The trip back East was quite interesting. Melissa is from the Philadelphia area, and served as an especially informed guide to the local historical and artistic sites. We also trained over to the other Washington, where we spent a few days with the Stites family, but mostly wandering around D.C. Highlights of that experience included a visit to NPR and, most impressively, to Ford’s Theater. We went back that evening to see a wonderful production of The Fantastiks, seated just a few feet from where Lincoln sat more than a hundred years ago.

[Melissa] I love art museums! Every time I go home, I visit my favorite places: the Barnes Foundation, the Philadelphia Museum of Art, the Brandywine Museum (home of the Wyeth family), and Longwood Gardens. The PMA had a marvelous exhibit of Cézanne works (which I ultimately saw 3 times), and the Barnes collection is so rich that eating whole sticks of butter would seem watery by comparison. Longwood Gardens was a DuPont summer home—it’s about 1000 acres, with formal gardens, woods, fountains, meadows, and a huge conservatory with whole rooms devoted just to orchids, for example. To me it’s the most beautiful spot in the world. D.C. is gorgeous, too—the Metro made it easy for us to get around without a car. And we sat right next to Lincoln’s box in Ford’s Theater!

Back at the ranch, we made less extensive visits to sites and events in Portland and Vancouver, B.C. We rode a new Spanish-made train called the Talgo up to B.C.—what a great ride! Melissa is an art freak, and such trips either have to do with art or with translation-related activities. I’m less interested in art than she, but especially enjoyed the look at Wyeth paintings we had both in Pennsylvania and also in Portland. Portland we visited twice—once to see a Gauguin exhibit, and then again to see some Wyeth paintings for the last time (they’ve been bought by a private collector who’s taking them home to Japan).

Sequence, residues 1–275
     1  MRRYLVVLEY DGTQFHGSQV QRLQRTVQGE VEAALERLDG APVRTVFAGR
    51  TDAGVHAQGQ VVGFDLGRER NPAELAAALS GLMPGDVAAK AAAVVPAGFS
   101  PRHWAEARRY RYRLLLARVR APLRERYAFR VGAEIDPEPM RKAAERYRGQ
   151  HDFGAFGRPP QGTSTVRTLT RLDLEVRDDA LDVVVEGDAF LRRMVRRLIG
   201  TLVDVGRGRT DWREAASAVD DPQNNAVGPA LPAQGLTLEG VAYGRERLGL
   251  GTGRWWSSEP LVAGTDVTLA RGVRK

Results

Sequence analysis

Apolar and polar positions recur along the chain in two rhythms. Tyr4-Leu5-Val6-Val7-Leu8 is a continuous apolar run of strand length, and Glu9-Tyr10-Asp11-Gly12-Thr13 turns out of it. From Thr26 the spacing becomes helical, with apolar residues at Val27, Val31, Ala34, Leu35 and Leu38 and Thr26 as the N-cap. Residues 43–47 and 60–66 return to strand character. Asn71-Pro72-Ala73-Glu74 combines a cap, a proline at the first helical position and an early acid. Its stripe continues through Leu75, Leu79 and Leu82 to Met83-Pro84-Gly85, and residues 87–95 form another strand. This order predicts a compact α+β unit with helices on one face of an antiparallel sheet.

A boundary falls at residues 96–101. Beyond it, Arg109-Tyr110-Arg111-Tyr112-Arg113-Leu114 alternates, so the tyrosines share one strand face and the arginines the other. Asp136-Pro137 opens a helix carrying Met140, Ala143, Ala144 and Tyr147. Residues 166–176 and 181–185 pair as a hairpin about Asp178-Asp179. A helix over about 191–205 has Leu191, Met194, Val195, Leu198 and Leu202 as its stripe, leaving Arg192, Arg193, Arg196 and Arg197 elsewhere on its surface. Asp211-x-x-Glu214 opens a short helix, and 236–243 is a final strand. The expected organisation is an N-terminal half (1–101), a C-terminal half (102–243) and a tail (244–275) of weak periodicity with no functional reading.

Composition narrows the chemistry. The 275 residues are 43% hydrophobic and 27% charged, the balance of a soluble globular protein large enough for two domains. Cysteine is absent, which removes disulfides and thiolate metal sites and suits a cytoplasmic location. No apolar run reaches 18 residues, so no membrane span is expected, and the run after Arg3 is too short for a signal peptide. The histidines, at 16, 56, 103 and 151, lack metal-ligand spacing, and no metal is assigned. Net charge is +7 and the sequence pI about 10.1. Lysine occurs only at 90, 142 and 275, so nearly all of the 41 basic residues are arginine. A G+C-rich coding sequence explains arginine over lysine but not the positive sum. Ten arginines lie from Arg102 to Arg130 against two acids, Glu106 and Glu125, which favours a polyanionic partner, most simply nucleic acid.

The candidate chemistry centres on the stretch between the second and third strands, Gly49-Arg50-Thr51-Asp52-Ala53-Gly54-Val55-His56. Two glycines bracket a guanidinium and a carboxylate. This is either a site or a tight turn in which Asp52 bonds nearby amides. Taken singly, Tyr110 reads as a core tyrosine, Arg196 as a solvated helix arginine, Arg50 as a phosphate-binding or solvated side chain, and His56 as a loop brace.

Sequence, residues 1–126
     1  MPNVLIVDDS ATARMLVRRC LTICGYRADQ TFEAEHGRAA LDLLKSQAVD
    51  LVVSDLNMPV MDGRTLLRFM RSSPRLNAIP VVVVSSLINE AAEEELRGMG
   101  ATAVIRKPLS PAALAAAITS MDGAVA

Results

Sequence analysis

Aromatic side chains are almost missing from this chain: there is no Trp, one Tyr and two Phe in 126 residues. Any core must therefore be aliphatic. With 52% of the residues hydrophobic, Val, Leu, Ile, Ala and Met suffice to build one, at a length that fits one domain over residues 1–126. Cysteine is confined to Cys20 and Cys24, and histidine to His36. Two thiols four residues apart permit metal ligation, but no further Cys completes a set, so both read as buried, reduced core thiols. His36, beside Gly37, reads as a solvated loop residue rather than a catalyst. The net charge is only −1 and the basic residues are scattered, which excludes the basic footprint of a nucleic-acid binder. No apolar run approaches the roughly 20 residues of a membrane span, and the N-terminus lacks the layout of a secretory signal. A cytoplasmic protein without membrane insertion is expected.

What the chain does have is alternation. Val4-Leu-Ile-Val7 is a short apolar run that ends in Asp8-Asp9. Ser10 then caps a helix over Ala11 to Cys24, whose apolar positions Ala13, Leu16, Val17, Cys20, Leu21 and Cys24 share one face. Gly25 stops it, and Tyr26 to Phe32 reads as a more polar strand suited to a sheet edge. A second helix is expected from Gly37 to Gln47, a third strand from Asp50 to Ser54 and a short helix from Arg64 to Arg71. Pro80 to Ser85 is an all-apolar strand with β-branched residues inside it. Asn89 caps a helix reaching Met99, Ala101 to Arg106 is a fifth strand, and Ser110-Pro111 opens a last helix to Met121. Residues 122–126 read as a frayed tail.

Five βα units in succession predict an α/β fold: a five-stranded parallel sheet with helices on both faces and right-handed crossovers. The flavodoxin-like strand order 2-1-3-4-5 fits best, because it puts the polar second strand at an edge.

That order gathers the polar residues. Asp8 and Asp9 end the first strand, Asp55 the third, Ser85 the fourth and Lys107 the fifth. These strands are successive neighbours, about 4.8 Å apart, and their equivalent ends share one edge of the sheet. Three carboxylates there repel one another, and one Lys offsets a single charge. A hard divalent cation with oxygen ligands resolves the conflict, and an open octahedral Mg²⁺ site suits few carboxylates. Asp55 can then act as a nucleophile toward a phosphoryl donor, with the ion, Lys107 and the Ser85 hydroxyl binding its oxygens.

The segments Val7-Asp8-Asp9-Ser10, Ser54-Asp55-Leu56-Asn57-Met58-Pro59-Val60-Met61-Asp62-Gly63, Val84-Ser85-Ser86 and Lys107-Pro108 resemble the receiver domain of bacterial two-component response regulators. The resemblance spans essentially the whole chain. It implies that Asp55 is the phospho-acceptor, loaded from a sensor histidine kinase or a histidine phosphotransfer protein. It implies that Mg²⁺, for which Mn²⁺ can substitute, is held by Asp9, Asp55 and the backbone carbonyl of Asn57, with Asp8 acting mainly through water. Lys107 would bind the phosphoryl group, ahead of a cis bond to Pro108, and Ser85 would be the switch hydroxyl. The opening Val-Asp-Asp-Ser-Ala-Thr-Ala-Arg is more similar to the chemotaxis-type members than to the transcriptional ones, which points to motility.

[Melissa] I also took a wild and wonderful road trip in August with my eternal best friend Betty and her two daughters, 12-year-old Amy and 9-year-old Eri. We went to Idaho to a Basque picnic, then came back along the Columbia River to Portland. What a great time! We listened to The Sheep Pig (now called ‘Babe’) and Ramona the Pest, read by Stockard Channing, rode a steam train up to see Mt. Hood, and visited an outdoor museum about the Oregon Trail.

[Melissa] Then Lyle and Robyn came to visit over Labor Day weekend, spending two whole days working in our yard. Thanks to them we can see the ground again now! There was a little time left over to play—we spent an evening at the Bumbershoot festival and drove up to LaConner for a day, too.

[Melissa] Back in January Michael and I had braved Seattle’s icy hills to attend a Valentine’s Day ball sponsored by a local high school orchestra. At the silent auction Michael bought me a certificate for an hour’s worth of live bagpipe music—it took till September to figure out what to do with it! We finally had a party in a park overlooking Puget Sound, where our honorable piper provided lovely music til the sky opened up and nature cordially invited us to pack up and go home.

Translation-related activities included a visit to Colorado Springs, where we gave a talk at the American Translators Association convention. I’m no longer translating, but Melissa does (from French and Finnish), and it seems we’re deeply involved with that profession, in one way or another.

While in town, we indulge in my particular interests—opera and the theater. It keeps a guy broke, but happy.

That’s an outline of the year’s activities, and I’m kind of tired just reading it, so I’ll stop adding more. For the future, who can say. We’re investigating a move to the Washington, D.C. area, so we’ll keep you posted. In the meantime, here’s wishing you well. ’Til next time…

[Melissa] We’re getting ready to spend Christmas in San Jose visiting Michael’s mother and siblings (and the San Jose Art Museum). We come back Christmas night and leave the next day for dance camp in Port Townsend, WA. Our class starts January 10; I’m going to San Francisco the week before that to attend the MacWorld Expo; I may go back to see my folks in February (and some photos I entered in a photography contest at Longwood Gardens); in March I teach an editing workshop; in April we may go to a Johann Strauss waltz ball at the Empress Hotel in Victoria, B.C.; sometime in the spring we’ll be teaching a two-day workshop for translators on using Microsoft Word; and in May Michael turns 50…